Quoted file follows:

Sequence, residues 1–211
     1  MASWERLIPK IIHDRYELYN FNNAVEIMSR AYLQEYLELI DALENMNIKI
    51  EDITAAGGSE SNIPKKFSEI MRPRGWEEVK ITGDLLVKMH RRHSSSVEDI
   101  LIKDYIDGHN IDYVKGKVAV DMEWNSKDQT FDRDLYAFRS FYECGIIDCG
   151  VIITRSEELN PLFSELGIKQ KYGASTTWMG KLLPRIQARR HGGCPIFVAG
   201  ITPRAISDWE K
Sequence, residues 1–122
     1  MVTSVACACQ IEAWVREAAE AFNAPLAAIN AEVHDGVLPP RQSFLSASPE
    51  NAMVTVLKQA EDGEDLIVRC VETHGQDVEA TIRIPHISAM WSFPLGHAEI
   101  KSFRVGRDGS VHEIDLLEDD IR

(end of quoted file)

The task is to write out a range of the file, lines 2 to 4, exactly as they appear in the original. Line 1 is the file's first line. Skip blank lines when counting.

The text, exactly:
     1  MASWERLIPK IIHDRYELYN FNNAVEIMSR AYLQEYLELI DALENMNIKI
    51  EDITAAGGSE SNIPKKFSEI MRPRGWEEVK ITGDLLVKMH RRHSSSVEDI
   101  LIKDYIDGHN IDYVKGKVAV DMEWNSKDQT FDRDLYAFRS FYECGIIDCG